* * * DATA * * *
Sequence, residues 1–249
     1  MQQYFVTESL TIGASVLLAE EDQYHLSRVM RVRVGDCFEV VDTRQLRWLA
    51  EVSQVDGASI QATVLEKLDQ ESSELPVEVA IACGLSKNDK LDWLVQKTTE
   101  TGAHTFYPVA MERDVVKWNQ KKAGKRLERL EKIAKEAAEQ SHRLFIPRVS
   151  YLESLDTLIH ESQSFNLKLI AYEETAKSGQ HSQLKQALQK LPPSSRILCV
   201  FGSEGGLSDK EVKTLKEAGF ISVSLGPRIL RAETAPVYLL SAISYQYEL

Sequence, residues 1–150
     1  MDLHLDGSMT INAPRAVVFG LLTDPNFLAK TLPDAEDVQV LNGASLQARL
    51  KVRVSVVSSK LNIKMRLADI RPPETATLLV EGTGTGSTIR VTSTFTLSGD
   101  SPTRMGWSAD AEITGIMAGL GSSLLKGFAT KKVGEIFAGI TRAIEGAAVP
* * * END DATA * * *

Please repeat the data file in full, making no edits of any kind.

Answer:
Sequence, residues 1–249
     1  MQQYFVTESL TIGASVLLAE EDQYHLSRVM RVRVGDCFEV VDTRQLRWLA
    51  EVSQVDGASI QATVLEKLDQ ESSELPVEVA IACGLSKNDK LDWLVQKTTE
   101  TGAHTFYPVA MERDVVKWNQ KKAGKRLERL EKIAKEAAEQ SHRLFIPRVS
   151  YLESLDTLIH ESQSFNLKLI AYEETAKSGQ HSQLKQALQK LPPSSRILCV
   201  FGSEGGLSDK EVKTLKEAGF ISVSLGPRIL RAETAPVYLL SAISYQYEL

Sequence, residues 1–150
     1  MDLHLDGSMT INAPRAVVFG LLTDPNFLAK TLPDAEDVQV LNGASLQARL
    51  KVRVSVVSSK LNIKMRLADI RPPETATLLV EGTGTGSTIR VTSTFTLSGD
   101  SPTRMGWSAD AEITGIMAGL GSSLLKGFAT KKVGEIFAGI TRAIEGAAVP